fifty years and will build the spill
way large enough to accommodate
four times the highest flood known.
Bej Timt Wcyeadiaouser u wrong in
Ills Iteeeot Statement- Spokane
Men .Vscri That (lu- Supply Will
Not iji-t a Generation Middle
Him Is Strlpjtcxl.
Spokane. .Lumbermen of Spokane
were surprised ut the statements of
Frederick Weyerhaeuser, president of
ktjdi "I never made a mistake In
buying timber, except what I did not
buy.' "
"I have more faith in the published
reports of the forestry service than t
have In the opinion of Mr. Weyerhaeu
ser, despite the fact that he Is one of
the oldest and best Informed lum
bermen In the country." said A. J.
Wilson, secretary of the Fidelity Dum
ber company.
"I know the forestry department
llaei the most careful methods nnd its
conclusions can be taken for truth.
(nly a few days ago n representative
of the Weyeraeuser interests in the
south was here ami he remarked 'hat
the highest production of lumber in
the south would lie reached within a
yar, after which the mills would be.
gin to close We must take precau
tions to save the timber or It will be
exhausted within a generation."
.1. t'. Karline, treasurer of the Wash-
the Weyerhaeuser Timber company ington Mill company, said: "While 1
of Seattle, thai the timber supply of j have fhe greatest respect for Mr.
the United States Is lnexh;iuUSb. . as , Weyerhaeuser"s Judgment regarding
given in a newspaper report from the lumber situation In this country
yestsrda morning. They, absolutely disagree with him on the
blea that our supply of timber In the
United States Is Inexhaustible..
Timber Won't Last u Generation.
"If timber cutting is continued as in
the past It will not last a generation.
Of course, with our present Ideas nf
forest conservation and protection the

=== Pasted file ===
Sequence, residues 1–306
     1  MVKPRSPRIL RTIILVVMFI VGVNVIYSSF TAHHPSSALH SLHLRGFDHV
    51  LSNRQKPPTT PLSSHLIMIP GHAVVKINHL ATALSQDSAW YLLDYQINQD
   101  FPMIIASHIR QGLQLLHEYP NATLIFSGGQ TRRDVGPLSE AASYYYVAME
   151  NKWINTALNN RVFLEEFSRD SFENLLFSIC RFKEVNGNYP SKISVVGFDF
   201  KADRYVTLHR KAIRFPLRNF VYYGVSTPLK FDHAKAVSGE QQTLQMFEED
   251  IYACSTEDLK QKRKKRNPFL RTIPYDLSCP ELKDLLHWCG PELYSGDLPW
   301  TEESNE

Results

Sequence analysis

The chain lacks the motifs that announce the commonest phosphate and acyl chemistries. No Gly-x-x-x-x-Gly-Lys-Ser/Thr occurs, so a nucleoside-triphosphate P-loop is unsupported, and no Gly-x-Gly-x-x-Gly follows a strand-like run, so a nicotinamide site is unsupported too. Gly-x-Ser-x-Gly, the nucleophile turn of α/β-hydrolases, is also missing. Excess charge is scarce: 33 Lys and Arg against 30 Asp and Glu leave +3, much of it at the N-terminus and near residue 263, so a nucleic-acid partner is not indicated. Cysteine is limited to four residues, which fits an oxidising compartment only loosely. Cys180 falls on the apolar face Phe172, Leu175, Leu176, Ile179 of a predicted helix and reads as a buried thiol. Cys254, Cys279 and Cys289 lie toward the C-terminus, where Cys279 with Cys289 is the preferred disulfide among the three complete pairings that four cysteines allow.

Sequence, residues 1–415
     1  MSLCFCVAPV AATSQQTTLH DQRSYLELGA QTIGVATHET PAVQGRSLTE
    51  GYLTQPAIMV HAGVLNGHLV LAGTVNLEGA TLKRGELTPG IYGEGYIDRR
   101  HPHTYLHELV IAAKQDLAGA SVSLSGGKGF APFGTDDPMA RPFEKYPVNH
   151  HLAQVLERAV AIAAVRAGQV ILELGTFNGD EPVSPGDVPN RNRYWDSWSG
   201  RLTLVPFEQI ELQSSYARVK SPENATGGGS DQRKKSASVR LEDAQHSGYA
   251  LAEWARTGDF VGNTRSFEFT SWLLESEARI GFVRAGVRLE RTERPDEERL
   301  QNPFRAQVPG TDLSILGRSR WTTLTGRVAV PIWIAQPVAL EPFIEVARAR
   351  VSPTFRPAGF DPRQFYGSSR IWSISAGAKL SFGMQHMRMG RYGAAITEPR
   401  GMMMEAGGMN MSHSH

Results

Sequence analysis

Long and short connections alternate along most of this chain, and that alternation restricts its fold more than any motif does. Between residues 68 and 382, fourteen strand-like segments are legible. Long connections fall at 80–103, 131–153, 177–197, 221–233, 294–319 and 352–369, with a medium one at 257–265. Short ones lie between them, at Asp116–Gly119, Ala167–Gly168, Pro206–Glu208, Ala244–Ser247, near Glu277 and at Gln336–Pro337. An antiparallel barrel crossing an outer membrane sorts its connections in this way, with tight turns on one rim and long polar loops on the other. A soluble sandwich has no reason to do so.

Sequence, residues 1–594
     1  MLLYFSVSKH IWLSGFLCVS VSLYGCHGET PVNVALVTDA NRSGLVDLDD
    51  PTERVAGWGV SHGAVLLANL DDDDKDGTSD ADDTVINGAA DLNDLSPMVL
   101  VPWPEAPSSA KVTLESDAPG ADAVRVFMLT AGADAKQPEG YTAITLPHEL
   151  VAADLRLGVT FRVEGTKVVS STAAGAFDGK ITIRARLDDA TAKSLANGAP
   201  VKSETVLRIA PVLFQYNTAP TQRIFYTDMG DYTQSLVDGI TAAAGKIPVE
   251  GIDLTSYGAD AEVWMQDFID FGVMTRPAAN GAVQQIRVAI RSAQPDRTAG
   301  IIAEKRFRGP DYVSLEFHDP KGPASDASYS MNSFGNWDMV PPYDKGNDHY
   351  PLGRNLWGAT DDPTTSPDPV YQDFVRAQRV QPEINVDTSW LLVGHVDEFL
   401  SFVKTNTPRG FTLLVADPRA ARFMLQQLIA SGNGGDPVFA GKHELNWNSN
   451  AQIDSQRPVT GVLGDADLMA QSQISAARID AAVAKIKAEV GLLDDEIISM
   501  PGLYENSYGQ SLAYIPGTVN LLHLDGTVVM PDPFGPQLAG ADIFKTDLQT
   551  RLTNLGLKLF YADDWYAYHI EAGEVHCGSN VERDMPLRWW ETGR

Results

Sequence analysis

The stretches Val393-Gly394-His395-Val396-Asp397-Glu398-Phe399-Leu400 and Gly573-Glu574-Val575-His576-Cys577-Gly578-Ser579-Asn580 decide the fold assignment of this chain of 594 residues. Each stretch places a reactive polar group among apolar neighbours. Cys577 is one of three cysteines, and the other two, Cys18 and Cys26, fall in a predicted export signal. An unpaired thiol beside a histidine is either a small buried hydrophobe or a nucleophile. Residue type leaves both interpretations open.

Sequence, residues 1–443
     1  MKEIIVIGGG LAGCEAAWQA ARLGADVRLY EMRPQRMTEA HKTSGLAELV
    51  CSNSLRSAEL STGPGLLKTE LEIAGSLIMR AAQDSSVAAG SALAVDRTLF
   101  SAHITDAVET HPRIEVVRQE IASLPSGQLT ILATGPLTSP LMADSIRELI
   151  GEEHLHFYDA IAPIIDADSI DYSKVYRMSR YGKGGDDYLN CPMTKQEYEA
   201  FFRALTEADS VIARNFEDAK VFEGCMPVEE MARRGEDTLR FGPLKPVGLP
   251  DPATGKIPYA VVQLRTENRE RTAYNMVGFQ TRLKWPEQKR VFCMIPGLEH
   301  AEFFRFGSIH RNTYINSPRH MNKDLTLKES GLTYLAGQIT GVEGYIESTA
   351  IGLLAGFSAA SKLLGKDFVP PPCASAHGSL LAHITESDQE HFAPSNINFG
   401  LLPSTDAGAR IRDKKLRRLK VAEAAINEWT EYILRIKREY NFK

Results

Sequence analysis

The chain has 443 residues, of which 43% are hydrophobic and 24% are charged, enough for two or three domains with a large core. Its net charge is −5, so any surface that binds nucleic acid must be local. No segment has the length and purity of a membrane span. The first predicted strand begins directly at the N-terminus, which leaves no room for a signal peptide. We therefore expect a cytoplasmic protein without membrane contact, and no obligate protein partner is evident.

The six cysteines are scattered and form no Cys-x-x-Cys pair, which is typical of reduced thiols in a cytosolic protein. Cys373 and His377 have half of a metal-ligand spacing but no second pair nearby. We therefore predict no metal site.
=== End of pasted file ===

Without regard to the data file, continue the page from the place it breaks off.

supply may last a long time.
"Mr. Weyerhaeuser has always
placed considerable Importance on the
growth of timber. He has said that
the Increase in new timber would he
of sufficient value to pay taxes, but if
he has been correctly quoted I am
certain the rank and file of lumber
men will disagree with him.
"The effect of cutting timber Is
shown by the sales of reservation
timber In Minnesota every year which
sells for from $0to $12 a thousand
while here $4 would be high for such
Seattle yesterday morning
Ciere free to express inemseives mat
Ir. Weyerhaeuser is mistakes and
overestimates the value and amouet of
the natural increase of Umber on
J. A. Tormey, former superintend
ent of the city schools but now Inter
ested lu the sale of timber lands, said;
"I cannot understand why Mr.
Weyerhaeuser should make such
statements. He Is one qf the best
Informed men In the United States on
the subject of forest supply, but It Is
common knowledge that the timber
supply of the middle west Is exhaust
ed. There ire only 10 sawmills there
today where there were formerly
about 50.
Middle W est stripped,
"Itulletln 77 of the United States
ferestry service ays that the value of
the stumpage regions of the central
west Is $20 per 1000 feet, In Micni
gan $15 to $1S and In Minnesota from
jr to $12. Stumpage of the same
kind here sells for $1. In many parts
of that country where timber was
worthless a few years ago the stump
land has become valuable. Some of
the land In Michigan has been gone
over three limes.
"I think Mr. Weyerhaeuser has
been misquoted, but If he has been
correctly quoted I think he has some